A unique role of RGS9-2 in the striatum as a positive or negative regulator of opiate analgesia

Kassi Psigfogeorgou, Dimitra Terzi, Maria Martha Papachatzaki, Artemis Varidaki, Deveroux Ferguson, Stephen J. Gold, Venetia Zachariou

Research output: Contribution to journalArticle

45 Scopus citations

Abstract

The signaling molecule RGS9-2 is a potent modulator of G-protein-coupled receptor function in striatum. Our earlier work revealed a critical role for RGS9-2 in the actions of the μ-opioid receptor (MOR) agonist morphine. In this study, we demonstrate that RGS9-2 may act as a positive or negative modulator of MOR-mediated behavioral responses in mice depending on the agonist administered. Paralleling these findings we use coimmunoprecipitation assays to show that the signaling complexes formed between RGS9-2 and Got subunits in striatum are determined by the MOR agonist, and we identify RGS9-2 containing complexes associated with analgesic tolerance. In striatum, MOR activation promotes the formation of complexes between RGS9-2 and several Gα subunits, but morphine uniquely promotes an association between RGS9-2 and Gai3. In contrast, RGS9-2/Gαq complexes assemble after acute application of several MOR agonists but not after morphine application. Repeated morphine administration leads to the formation of distinct complexes, which contain RGS9-2, Gjβ5, and Gαq. Finally, we use simple pharmacological manipulations to disrupt RGS9-2 complexes formed during repeated MOR activation to delay the development of analgesic tolerance to morphine. Our data provide a better understanding of the brain-region-specific signaling events associated with opiate analgesia and tolerance and point to pharmacological approaches that can be readily tested for improving chronic analgesic responsiveness.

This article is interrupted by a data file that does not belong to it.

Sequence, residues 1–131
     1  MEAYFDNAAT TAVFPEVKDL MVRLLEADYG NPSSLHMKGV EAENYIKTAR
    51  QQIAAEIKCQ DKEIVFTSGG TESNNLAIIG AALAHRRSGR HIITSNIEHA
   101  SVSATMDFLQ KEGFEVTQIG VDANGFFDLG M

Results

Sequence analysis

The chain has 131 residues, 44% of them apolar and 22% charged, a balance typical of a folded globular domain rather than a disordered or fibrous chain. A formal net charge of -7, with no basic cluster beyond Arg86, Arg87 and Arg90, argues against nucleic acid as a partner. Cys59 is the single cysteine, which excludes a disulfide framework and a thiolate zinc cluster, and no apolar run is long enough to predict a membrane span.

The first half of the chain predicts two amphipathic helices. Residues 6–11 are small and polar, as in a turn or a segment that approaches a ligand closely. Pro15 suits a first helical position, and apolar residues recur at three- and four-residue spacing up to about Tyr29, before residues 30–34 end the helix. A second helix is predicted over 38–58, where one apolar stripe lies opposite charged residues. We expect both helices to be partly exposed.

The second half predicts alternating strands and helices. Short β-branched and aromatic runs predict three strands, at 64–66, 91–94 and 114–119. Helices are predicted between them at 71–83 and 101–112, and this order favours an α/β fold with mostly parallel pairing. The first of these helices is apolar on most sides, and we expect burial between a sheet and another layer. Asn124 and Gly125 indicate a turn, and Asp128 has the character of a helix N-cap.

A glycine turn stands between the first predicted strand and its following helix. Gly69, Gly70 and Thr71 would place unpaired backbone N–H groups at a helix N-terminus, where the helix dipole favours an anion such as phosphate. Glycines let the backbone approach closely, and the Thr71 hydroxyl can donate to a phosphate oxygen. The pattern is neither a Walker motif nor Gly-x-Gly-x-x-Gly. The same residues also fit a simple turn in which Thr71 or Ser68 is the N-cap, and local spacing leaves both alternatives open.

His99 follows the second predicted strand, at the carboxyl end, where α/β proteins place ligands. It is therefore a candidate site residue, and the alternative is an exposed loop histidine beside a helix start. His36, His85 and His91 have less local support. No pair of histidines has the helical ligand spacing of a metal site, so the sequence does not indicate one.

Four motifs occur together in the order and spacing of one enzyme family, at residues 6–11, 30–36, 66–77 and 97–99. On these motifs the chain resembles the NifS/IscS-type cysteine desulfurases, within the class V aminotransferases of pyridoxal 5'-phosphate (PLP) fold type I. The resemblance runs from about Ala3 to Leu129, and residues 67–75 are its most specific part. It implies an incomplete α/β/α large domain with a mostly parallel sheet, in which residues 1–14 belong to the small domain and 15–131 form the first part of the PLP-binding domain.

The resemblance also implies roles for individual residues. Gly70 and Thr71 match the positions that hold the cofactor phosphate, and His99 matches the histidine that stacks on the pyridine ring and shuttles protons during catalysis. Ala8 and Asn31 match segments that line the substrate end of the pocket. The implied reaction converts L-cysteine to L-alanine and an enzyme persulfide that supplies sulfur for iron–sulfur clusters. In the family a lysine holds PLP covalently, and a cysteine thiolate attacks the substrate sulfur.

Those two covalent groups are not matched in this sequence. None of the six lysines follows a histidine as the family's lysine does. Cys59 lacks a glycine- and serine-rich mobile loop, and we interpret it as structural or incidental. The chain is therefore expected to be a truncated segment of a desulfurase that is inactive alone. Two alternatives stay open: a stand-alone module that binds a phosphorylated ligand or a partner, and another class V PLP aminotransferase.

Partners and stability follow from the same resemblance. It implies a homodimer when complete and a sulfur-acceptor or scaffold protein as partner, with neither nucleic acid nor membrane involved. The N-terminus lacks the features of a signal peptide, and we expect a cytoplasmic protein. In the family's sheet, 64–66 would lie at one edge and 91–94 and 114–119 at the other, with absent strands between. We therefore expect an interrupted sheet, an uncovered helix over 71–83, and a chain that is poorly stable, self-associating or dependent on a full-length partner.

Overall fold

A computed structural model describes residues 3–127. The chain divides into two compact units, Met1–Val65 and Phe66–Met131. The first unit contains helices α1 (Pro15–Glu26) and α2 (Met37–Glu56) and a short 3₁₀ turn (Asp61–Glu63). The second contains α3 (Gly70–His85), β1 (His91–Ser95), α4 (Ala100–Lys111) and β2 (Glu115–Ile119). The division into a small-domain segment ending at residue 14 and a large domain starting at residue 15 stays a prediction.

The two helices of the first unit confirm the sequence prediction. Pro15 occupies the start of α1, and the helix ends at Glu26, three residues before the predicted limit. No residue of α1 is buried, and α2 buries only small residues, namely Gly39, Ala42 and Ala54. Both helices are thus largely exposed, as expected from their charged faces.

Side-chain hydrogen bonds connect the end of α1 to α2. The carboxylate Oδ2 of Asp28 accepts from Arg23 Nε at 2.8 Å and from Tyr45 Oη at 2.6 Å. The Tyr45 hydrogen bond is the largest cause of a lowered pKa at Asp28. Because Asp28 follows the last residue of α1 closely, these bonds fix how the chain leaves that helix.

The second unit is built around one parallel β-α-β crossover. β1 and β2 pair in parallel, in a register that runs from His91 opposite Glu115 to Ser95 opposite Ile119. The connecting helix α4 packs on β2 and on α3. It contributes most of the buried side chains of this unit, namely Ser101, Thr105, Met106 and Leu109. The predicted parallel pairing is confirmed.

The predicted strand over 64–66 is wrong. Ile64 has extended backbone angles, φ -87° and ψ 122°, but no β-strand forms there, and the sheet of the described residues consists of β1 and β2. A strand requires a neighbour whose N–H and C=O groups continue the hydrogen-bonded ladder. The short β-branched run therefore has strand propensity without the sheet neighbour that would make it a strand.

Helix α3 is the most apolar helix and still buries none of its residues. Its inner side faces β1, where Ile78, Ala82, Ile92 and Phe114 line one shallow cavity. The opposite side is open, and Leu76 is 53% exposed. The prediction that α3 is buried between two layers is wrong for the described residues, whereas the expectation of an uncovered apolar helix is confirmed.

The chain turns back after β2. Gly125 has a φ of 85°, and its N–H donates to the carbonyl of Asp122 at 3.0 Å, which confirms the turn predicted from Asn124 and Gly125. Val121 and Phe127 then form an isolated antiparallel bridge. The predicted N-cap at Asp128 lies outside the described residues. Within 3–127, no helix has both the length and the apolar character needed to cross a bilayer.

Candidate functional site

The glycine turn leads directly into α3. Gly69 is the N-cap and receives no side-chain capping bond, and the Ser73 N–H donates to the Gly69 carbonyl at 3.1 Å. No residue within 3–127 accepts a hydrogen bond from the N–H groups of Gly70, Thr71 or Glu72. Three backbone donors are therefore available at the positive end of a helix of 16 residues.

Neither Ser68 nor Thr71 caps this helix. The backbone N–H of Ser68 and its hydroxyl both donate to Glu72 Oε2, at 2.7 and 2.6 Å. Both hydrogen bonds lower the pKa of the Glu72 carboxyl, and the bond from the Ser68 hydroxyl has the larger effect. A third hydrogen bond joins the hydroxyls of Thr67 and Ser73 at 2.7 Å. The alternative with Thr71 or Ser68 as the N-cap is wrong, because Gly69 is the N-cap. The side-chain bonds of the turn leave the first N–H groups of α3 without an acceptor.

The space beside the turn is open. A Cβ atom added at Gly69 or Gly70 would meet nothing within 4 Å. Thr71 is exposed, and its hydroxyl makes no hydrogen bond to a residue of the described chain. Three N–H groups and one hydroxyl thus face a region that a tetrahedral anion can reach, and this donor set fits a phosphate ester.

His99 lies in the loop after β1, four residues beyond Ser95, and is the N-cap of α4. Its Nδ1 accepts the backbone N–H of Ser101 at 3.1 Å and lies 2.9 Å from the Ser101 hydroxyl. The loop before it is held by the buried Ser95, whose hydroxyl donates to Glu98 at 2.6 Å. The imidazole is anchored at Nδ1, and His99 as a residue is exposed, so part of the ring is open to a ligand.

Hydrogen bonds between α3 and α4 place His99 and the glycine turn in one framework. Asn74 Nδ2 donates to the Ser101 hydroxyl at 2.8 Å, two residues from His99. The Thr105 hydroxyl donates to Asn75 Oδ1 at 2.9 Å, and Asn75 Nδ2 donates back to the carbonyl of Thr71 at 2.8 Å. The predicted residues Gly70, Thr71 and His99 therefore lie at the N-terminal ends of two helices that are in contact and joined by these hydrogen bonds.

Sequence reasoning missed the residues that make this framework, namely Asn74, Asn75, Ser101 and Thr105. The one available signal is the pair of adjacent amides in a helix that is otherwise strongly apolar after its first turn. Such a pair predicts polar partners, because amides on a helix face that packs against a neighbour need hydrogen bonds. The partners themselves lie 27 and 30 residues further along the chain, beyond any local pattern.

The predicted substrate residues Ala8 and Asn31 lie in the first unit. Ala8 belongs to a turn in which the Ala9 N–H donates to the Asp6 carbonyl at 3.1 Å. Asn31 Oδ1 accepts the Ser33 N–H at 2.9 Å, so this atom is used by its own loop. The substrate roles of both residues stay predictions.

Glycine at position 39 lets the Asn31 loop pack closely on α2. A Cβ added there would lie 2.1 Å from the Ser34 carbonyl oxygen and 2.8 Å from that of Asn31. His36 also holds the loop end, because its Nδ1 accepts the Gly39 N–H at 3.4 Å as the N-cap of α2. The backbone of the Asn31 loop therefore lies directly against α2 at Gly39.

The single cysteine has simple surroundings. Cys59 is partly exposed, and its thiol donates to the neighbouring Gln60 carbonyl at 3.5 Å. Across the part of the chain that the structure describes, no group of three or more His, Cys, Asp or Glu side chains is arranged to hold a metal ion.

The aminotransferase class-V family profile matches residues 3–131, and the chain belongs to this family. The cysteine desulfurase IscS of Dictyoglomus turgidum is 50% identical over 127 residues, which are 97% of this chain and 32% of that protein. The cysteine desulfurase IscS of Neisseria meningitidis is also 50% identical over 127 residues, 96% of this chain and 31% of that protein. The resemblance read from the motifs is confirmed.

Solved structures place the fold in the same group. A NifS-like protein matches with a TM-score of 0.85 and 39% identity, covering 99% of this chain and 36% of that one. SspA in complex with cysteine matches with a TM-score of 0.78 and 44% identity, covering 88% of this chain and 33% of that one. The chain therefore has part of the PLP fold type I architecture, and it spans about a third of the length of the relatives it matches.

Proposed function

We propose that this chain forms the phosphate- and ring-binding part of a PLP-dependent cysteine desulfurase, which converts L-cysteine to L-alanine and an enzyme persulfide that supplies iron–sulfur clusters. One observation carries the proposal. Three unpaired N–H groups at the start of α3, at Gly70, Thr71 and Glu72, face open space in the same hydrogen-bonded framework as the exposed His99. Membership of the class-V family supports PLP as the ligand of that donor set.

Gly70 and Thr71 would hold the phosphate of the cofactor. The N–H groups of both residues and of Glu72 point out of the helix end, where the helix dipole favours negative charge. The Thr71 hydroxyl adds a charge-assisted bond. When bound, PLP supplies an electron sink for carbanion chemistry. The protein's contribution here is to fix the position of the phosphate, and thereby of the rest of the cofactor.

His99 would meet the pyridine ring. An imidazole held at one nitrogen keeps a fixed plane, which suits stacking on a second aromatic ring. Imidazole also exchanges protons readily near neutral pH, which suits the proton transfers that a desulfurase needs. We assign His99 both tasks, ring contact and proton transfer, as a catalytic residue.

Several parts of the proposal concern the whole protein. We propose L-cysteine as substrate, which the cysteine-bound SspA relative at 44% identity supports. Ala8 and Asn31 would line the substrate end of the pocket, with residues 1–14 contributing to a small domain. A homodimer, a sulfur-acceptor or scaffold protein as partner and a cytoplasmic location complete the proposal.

Original languageEnglish (US)
Pages (from-to)5617-5624
Number of pages8
JournalJournal of Neuroscience
Volume31
Issue number15
DOIs
StatePublished - Apr 13 2011

ASJC Scopus subject areas

  • Neuroscience(all)

Fingerprint Dive into the research topics of 'A unique role of RGS9-2 in the striatum as a positive or negative regulator of opiate analgesia'. Together they form a unique fingerprint.

  • Cite this

    Psigfogeorgou, K., Terzi, D., Papachatzaki, M. M., Varidaki, A., Ferguson, D., Gold, S. J., & Zachariou, V. (2011). A unique role of RGS9-2 in the striatum as a positive or negative regulator of opiate analgesia. Journal of Neuroscience, 31(15), 5617-5624. https://doi.org/10.1523/JNEUROSCI.4146-10.2011